March 29, 2014
In light of the next generation of more rigorous emissions standards, the automotive supply chain is facing a tricky dilemma: How to throttle up complex testing on powertrain and engine control units, without casting undue drag on test cycles or performance.
It’s been quite a balancing act for Alma Automotive, whose core business is providing hardware and software-based custom solutions dedicated to engine control, diagnosis and testing for such high-profile customers like Ferrari, Ducati and Lamborghini. Founded in 2003 by researchers from the Department of Mechanical and Energetic Engineering at the University of Bologna, the company focuses its testing services in three areas: real-time combustion analysis, hardware-in-the-loop (HIL) systems and rapid control prototyping.
Given its customers’ penchant for speed for both engine performance and steering high-octane sports car and motorcycles to market, Alma Automotive was in search of new practices that could turbocharge its engine control unit (ECU) test bed, specifically as it relates to calibration. Its typical process was slow and cumbersome, requiring test engineers to painstakingly make manual adjustments to parameters using the engine test bench, which was instrumented with hardware and software from National Instruments (NI). The primary challenge was to achieve optimum parameter results as quickly as possible while maximizing system accuracy—a scenario that was increasingly difficult to achieve with the manual test process.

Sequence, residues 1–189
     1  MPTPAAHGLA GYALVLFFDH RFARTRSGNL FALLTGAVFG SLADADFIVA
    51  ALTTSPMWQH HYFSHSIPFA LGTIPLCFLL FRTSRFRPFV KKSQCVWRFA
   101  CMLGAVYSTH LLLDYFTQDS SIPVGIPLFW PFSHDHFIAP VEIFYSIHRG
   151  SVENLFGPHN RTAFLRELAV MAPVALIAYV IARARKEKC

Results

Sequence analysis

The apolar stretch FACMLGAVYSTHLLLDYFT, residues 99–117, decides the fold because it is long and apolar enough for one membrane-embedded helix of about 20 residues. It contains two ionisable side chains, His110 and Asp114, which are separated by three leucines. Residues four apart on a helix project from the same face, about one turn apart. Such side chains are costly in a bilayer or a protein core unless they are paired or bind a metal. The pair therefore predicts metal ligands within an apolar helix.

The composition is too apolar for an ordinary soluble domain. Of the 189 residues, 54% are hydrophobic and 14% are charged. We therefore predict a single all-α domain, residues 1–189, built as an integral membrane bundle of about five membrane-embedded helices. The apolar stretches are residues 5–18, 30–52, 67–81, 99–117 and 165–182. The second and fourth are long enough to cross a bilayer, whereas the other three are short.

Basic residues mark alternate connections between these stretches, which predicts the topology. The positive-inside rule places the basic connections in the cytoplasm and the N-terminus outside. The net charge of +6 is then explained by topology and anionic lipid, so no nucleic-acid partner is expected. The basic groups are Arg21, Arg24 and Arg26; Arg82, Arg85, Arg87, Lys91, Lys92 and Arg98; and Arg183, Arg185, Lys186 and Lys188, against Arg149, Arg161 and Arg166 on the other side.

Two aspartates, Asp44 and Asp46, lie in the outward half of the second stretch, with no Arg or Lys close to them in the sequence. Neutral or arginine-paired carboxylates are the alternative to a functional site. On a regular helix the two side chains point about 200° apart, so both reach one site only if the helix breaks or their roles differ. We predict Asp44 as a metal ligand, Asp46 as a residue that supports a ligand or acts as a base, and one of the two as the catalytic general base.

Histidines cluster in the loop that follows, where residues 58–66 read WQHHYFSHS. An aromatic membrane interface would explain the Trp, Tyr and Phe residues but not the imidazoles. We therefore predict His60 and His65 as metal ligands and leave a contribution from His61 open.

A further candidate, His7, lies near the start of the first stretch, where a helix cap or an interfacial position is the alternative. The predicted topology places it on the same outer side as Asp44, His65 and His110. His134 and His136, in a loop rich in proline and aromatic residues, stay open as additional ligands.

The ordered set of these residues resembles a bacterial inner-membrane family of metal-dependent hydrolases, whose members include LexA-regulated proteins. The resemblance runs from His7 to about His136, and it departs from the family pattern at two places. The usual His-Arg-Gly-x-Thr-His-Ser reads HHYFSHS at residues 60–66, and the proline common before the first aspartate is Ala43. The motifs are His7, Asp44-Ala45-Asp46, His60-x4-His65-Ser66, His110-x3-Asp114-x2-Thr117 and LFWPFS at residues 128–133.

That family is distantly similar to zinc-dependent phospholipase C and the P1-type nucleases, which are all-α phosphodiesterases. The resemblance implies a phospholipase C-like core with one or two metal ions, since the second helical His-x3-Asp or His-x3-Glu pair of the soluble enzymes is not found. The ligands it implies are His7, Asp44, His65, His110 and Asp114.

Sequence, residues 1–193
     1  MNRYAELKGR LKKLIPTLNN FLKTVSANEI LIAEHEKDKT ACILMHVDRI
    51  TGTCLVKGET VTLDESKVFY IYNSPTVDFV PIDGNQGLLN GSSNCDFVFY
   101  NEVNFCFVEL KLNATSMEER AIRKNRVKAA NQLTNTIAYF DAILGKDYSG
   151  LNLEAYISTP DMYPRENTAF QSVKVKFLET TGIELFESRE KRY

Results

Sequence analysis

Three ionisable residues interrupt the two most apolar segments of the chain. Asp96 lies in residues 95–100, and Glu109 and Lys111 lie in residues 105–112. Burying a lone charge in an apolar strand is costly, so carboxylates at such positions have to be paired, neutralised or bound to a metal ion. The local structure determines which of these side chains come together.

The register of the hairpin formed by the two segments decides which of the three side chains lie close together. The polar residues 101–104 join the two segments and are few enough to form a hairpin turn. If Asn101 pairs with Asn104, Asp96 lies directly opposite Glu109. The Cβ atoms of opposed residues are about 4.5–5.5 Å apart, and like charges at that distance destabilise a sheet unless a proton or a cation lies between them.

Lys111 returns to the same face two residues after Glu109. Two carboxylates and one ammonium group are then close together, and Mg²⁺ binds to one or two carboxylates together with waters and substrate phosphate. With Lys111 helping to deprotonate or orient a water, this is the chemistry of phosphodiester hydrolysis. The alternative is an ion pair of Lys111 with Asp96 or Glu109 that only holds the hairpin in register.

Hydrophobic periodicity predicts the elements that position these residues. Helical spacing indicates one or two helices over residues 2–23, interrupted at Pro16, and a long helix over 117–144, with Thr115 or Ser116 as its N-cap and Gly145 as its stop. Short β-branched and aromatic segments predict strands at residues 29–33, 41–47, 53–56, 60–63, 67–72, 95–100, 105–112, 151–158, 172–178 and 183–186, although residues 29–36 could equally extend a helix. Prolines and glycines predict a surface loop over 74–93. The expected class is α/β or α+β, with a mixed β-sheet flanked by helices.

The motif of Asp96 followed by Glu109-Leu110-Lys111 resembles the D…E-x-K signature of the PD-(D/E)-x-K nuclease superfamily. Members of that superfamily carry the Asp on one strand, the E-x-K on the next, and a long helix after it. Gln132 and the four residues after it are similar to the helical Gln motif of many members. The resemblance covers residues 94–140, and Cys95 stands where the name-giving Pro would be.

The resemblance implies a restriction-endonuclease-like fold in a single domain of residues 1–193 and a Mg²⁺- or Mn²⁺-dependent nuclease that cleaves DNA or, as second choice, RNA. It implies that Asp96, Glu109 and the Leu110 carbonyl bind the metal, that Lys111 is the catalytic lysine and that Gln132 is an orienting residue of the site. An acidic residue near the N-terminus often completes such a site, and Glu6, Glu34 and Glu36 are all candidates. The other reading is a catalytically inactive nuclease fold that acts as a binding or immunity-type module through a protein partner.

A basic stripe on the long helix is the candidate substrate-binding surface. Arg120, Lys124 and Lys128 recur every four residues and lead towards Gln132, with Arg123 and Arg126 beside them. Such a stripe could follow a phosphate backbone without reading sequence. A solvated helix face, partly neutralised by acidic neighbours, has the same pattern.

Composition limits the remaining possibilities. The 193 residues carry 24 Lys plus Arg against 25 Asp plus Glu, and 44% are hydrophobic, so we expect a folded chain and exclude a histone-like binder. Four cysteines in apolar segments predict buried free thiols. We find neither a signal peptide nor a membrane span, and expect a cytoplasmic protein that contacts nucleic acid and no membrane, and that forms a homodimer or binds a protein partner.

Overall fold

A solution came via a collaborative effort among Alma Automotive, NI and ESTECO, a maker of the modeFRONTIER multi-disciplinary and -objective optimization platform. The trio partnered to create a direct integration between LabVIEW, NI’s graphical system design software used by Alma Automotive to design its ECU test bench, and modeFRONTIER. The result enables modeFRONTIER’s process integration and optimization capabilities to be deployed on the ECU’s HIL testing, automating the search for optimum parameter results—and in the end, driving significant efficiencies throughout the test process.
“Our customers’ target is to optimize engine performance. They need to change the control parameters in order to achieve something that could be the optimal power or minimum fuel consumption,” explains Enrico Corti, one of the founders of Alma Automotive. “But they need a guide for which direction to move the control parameters in to minimize or maximize their cause. We wanted to add real-time optimization to our systems; that’s why we thought of using modeFRONTIER and integrating it with LabVIEW.”
The trio embarked on a project to demonstrate the value of combining the NI test and measurement devices with a modeFRONTIER framework, leveraging specific applications developed by Alma Automotive for the engine setup. The result of their efforts is modeFRONTIER for LabVIEW (mF4LV), a light, add-on version of the process automation and optimization platform. It’s specifically integrated with LabVIEW with the goal of helping engineers and scientists quickly reach a sought-after response from the hardware or control systems they have under test.